Serious and systemic CAMHS failures contribute to death of 17-year-old with autism and ADHD | Maya Sikand KC acted for the family

Jennifer (‘Jen’) Chalkley was just 17 years old when she took her own life on 12 October 2021, at her home in Surrey. A wide ranging Article 2 ECHR Inquest into Jen’s death, before the Surrey Senior Coroner, Richard Travers, has found that multiple failures on the part of Surrey and Borders’ Child and Adolescent Mental Health Services (CAMHS),a failure by Surrey County Council to properly manage Jen’s Educational Health Care Plan (‘EHCP’) process and other multi-agency failures contributed to Jen’s death. The Senior Coroner provided his findings and conclusions in a far-reaching 81-paged ruling. He said that he was satisfied that, had that specialist input been provided in a timely manner, Jen’s final crisis would probably have been avoided or managed, such as to avoid her death. He has directed Surrey and Borders NHS Foundation Trust, Surrey County Council and three educational establishments to provide PFD evidence. 

Jen was a teenager with complex special needs. She had been diagnosed with ADHD when she was 10 years of age and Autistic Spectrum Disorder when she was aged 11 years. The Senior Coroner found that these two neurodevelopmental conditions, together with associated excessive anxiety, low mood, and emotional dysregulation which she suffered periodically, resulted in a persisting but fluctuating risk of suicide. 


In 2021, the same year she died, Jen was hospitalised twice after attempting to take her own life. After each incident, Jen was referred to CAMHS. On each occasion, she received no proper intervention or treatment from her local CAMHS community team.

She was twice discharged by CAMHS over a three-year period, having not been assessed, diagnosed, or having had any therapeutic treatment or her medication reviewed.

Jen’s last discharge from CAMHS took place three months before her death, in June 2021, after a 15-minute audio call, by practitioners who had not properly reviewed her medical history. The Senior Coroner found that the assessment was wholly insufficient and discharge took place without proper consultation. He found that the two practitioners who agreed to discharge Jen gave dishonest evidence and tried to mislead him in evidence

The Senior Coroner concluded that Jen’s death was more than minimally contributed to by : 

(i) A failure by Surrey and Borders Partnership NHS Foundation Trust’s Child and Adolescent Mental Health Service properly to assess, diagnose and treat Jennifer following referrals made in May 2018 and January 2021 in order to manage her conditions and minimise her risk of suicide,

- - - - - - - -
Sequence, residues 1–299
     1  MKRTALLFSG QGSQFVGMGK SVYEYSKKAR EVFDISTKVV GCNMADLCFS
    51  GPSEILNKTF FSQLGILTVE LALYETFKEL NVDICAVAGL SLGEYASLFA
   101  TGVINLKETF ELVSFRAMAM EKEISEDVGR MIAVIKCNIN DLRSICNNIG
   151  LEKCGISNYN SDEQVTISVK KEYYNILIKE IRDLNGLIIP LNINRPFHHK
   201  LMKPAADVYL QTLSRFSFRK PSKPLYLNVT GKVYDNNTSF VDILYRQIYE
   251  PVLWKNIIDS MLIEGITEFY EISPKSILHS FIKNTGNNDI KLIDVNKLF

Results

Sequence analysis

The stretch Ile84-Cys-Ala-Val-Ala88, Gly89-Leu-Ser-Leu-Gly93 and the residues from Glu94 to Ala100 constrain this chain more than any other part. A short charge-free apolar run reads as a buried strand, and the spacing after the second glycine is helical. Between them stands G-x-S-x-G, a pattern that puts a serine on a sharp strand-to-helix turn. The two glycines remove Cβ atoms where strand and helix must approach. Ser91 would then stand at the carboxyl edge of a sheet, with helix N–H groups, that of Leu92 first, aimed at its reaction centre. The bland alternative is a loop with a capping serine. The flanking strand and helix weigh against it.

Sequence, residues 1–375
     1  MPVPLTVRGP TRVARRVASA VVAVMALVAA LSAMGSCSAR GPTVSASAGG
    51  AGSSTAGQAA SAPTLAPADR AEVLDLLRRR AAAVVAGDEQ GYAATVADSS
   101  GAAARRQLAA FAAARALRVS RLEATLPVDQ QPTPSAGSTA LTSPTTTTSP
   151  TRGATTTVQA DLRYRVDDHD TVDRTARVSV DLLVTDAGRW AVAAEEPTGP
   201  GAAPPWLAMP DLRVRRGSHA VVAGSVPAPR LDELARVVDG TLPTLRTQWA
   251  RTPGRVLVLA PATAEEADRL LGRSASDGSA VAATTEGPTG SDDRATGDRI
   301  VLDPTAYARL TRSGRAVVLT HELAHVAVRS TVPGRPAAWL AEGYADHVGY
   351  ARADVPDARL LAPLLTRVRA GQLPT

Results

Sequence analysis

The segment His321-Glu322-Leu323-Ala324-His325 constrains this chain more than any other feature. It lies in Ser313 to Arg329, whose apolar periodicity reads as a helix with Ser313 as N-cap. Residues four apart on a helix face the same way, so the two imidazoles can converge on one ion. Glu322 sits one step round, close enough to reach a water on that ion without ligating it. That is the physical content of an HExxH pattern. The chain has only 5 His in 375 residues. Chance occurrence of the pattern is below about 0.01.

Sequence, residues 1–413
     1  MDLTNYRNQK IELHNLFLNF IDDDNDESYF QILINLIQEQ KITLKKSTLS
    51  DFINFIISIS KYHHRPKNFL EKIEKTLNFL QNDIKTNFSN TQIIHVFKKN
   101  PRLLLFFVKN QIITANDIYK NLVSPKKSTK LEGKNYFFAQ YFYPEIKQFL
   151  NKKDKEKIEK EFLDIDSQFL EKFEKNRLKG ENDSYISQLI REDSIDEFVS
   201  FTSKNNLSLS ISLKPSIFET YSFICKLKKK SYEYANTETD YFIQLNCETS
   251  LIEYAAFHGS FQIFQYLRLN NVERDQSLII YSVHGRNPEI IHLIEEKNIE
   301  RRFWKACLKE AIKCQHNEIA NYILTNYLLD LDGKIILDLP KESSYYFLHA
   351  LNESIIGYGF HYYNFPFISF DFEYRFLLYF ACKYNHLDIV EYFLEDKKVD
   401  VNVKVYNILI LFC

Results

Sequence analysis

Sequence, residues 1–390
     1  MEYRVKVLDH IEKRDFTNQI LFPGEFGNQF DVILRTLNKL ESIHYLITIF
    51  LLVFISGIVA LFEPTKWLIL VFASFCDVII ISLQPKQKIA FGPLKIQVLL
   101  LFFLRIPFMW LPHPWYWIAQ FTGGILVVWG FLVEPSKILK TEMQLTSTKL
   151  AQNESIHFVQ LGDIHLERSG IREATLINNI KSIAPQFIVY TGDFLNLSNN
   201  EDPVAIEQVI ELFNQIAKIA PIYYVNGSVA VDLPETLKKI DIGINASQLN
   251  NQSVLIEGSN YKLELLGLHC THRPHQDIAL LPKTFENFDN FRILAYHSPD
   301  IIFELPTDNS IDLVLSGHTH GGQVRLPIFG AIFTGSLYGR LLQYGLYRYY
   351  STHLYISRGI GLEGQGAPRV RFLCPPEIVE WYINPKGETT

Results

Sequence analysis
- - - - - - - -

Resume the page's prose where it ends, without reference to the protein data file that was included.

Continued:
(ii) A failure by Surrey County Council’s Special Educational Needs Department to ensure that Jennifer’s Educational, Health and Care Plan contained sufficient and updated information about her mental and emotional health needs and her risk of suicide, such as to enable the college she attended from September 2021, to understand and meet her consequential needs and manage the consequential risk, and 

(iii) A multi-agency failure to share information and work together to ensure that Jennifer was supported effectively to manage her neurodevelopmental and mental and emotional health needs, and her risk of suicide, especially from June 2021 onwards. 

The Senior Coroner also found that:

  • CAMHS lost sight of the vital role that it should have played in managing the risk to Jen’s life.
  • There was  pressure on CAMHS practitioners to refer patients away from the service and discharge them, rather than treat them, which was probably driven by the level of demand CAMHS faced;
  • There were missed opportunities to put in place an EHCP for Jen at a significantly earlier stage;
  • There were missed opportunities to ensure Jen was placed in an appropriate educational setting and that she received the specific and targeted support she needed. 
  • Educational establishments were misguided about the criteria for applying for an EHCP.

Maya was instructed by Daniel Lemberger Cooper and Patrick Dunne of Imran Khan and Partners solicitors.  

IKP / INQUEST press release can be found here.

Other interested persons represented at the inquest were Surrey and Borders Partnership NHS Trust (who are also responsible for Surrey CAMHS), Guildford College, Surrey County Council, and a former employee of Surrey and Borders Partnership’s Child and Adolescent Mental Health Services. Alison Hewitt, 5 Essex Chambers, is Counsel to the Inquest.